- Writer Unboxed - https://writerunboxed.com -

The Big Lie About Writing Compelling Fiction

[1]Please welcome author Larry Brooks to Writer Unboxed today! Larry is the author of six novels and three bestselling books on fiction craft, including Story Fix [2] and Story Engineering. [3] A little more about him:

Larry is a career writer from the corporate sector who, like most of you, had nourished the fiction writing dream the entire time. When he isn’t writing, he’s involved with workshops and conferences at the behest of writing groups and clubs, and operates a story coaching service through his website, Storyfix.com [4]. He also offers fiction craft videos through Vimeo [5].

We’re so pleased to have Larry with us today to drill down into what he says is the big lie holding writers back from actualizing their work in a timely, efficient, and full-bodied way. It’s a long read, but we think you’ll find it well worth your time. Enjoy!

The Big Lie About Writing Compelling Fiction

There’s a quiet rumor circulating among newer writers that professional authors know something they don’t. And that those famous A-listers (B-listers, too) aren’t giving it up.

This may very well be the case. Not so much as a conspiracy, but from a lack of an ability to convey—or a willingness to admit—that what they do can actually be explained, or that it can be taught and learned.

Too often they say this instead:

“I just sit down and write, each and every day, following my gut, listening to my characters, and eventually the magic happens.”

And so, hungry writers who hear this may lean into the belief that the craft of writing a good novel is inexplicable. That it’s something we are born with, or not. It is purely an issue of instinct. Maybe even that your characters actually talk to you.

The nights can get pretty long if you’re waiting to hear voices.

The real dream killer takes wing when writers conclude that there really isn’t anything to know at all. Rather, that you get to make it all up as you go.

And thus the Big Lie is born.

There actually is an enormous wealth of principle-based learning to be discovered and assimilated about how to write a novel that works. And there are folks out there teaching it, albeit with different models and terminology… all of which tends to coalesce into a singular set of interdependent truths.

Maybe it’s not a lie when someone repeats what they believe to be true. But belief, especially about the underpinnings of writing fiction, doesn’t make something true.

It may indeed be true for them. But not necessarily true for you.

Clarity requires understanding the differences.

There is no default best way to write a story, nor is there a prescribed path. Anyone who tells you that organic story development is superior to structured, principle-driven story development, including outlining, is wrong, regardless of their belief in that position.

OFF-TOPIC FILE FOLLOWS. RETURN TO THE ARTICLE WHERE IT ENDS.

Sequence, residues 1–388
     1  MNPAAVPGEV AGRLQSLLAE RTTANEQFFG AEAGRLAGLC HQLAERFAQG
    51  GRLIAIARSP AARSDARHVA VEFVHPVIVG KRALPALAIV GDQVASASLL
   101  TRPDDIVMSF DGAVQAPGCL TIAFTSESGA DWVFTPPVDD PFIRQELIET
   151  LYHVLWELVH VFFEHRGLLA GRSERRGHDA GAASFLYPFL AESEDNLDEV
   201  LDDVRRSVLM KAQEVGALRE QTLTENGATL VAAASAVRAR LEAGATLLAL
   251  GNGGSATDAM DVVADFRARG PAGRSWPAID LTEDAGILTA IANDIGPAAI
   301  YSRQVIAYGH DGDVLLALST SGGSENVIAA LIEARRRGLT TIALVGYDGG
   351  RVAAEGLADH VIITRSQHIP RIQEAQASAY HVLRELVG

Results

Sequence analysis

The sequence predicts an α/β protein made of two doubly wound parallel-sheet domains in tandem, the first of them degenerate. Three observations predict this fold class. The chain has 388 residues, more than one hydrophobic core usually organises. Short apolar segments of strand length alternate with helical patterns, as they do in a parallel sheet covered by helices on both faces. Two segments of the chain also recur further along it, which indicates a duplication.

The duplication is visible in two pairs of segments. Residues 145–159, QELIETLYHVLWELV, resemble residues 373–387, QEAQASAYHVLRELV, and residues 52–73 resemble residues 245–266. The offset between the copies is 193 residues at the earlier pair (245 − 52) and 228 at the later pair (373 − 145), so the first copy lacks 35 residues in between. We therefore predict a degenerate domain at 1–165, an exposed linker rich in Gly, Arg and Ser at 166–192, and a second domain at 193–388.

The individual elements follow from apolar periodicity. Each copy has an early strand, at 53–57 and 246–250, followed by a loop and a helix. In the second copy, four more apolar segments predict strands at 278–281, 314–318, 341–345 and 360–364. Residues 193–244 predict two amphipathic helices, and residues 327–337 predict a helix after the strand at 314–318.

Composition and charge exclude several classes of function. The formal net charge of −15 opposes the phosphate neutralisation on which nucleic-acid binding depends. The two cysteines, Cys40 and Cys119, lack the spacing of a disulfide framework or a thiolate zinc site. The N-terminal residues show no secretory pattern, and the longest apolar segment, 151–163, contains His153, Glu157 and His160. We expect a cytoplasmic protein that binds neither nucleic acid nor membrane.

And vice versa. Both are issues of process, and only that. They are choices, rather than an elevated version of conventional wisdom.

But with finished stories, any division between process and product vanishes. At that point, when you deem a draft to be final, what is true for one writer is suddenly true for all.

Clarity awaits in understanding the difference not only between process and product, but between rules and principles, as well. Rules apply to neither, while principles empower both.

Whether by intention, as a product of instinct or pure blind-ass luck, the efficacy of fiction is always driven by a set of core principles. They are not something you get to make up as you go. Rather, they are discovered as you progress along the learning curve.

Not all authors recognize the inherent opportunity in that moment of discovery. Sometimes they need to see the principles at work within someone else’s story… which is the most validating teachable moment of all.

The Author Who Can’t Tell Us Anything

In a recent author profile appearing in Writer’s Digest Magazine, an 11-million-copy bestselling author confessed she has no idea how she does it. Clearly, after two movie adaptations on top of her book sales, the numbers prove her wrong.

But not knowing how she got there isn’t saying she doesn’t know what it needs to look like when she does. The numbers prove that, as well.

So what is she hiding? Is she lying, is she confused, or is she truly without a clue?

Probably none of the above. Rather, her contention is simply proof that, as it is in many forms of art and athletics and academics, doing and teaching exist as different core competencies, only rarely shared within one practitioner.

One might also cynically suggest that this actually proves one doesn’t require any core knowledge to knock a story out of the park. You just need to put in the time, and eventually your instincts will kick in.

Maybe. It happens. But usually it is more complicated than that.

Whether they know it or not, teachers who never circle around to the core principles of fiction as a part of the creative process are peddling the Big Lie.